Patrick Kane and Duncan Keith may not have been able to skate much due to restrictions, but judging by their social media, aren't just sitting around eating  potato chips to their credit. Having been in unique situations and on big stages before, you can bet leaders like them and Jonathan Toews will do everything in their power to get this Hawks team ready. And like Sharp said, "crazy things happen when there's uncertainty across the league."

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Patrick Kane explains his unique chemistry with Artemi Panarin

Patrick Kane explains his unique chemistry with Artemi Panarin

Even though the NHL announced a plan for pro hockey to return this summer, for now we’re still left to watch classic games on our couches, remembering the good times.

Men’s Journal spoke with Patrick Kane recently to rehash some of those good times, including his high-powered offensive years playing alongside Artemi Panarin.

Last month, Kane made waves by saying skating on the same line with Panarin was the "funnest hockey" he's ever played.

How could that be when he'd won three Cups with other teams and linemates, but he never even won as much as a single playoff series alongside the Breadman?

“After I said that I thought about it a little bit and I didn’t want that to-- I don’t know if that came across the right way,” Kane said. “Those years from 2009-2015 for me, that was so fun… playing on winning, Stanley Cup champion teams, that’s as fun as it’s going to get.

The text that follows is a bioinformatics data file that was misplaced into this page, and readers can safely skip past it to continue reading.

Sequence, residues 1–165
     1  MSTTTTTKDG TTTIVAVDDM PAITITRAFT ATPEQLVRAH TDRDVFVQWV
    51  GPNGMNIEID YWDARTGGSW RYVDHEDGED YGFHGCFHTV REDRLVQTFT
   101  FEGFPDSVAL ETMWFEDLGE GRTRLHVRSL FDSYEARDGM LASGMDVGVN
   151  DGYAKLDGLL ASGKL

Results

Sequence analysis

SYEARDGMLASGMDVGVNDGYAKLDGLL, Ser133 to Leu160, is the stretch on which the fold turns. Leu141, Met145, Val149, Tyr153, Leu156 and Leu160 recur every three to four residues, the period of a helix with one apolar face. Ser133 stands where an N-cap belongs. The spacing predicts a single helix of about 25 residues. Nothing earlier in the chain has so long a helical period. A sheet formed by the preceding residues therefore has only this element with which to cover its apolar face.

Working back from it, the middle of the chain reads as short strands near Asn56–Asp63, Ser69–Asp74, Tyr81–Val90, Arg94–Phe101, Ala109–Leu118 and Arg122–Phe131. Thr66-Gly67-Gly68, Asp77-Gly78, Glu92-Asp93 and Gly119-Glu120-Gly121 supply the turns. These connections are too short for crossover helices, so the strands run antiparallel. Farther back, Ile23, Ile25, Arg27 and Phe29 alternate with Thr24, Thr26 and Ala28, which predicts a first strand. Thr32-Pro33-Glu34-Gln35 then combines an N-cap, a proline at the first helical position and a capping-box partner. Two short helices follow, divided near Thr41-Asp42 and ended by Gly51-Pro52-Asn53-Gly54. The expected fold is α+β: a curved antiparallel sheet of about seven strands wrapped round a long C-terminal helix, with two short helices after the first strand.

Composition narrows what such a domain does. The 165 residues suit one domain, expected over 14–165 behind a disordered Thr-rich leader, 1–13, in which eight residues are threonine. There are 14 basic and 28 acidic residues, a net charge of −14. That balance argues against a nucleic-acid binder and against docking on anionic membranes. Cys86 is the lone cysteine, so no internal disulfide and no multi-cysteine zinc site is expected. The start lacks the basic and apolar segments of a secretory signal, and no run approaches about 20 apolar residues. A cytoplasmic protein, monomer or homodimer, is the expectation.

"When I was playing with Panarin I felt like, for me personally, that was like ‘this is how hockey should be played.’ This was just two players combining their talents and having the chemistry... it wasn't like anything was planned or set in stone. We just figured it out on the go. Then after 10 or 15 games you figure out the spots you want to go to.

“It became pretty natural playing with him. It was really, really fun hockey playing with him for those two years. For me personally, that was the most chemistry I’ve probably had with someone, just natural, instinctive chemistry to play that hockey with someone.

“I’m glad I got to do that with him.”

RELATED: Patrick Kane shares how he's spending time during stay-at-home orders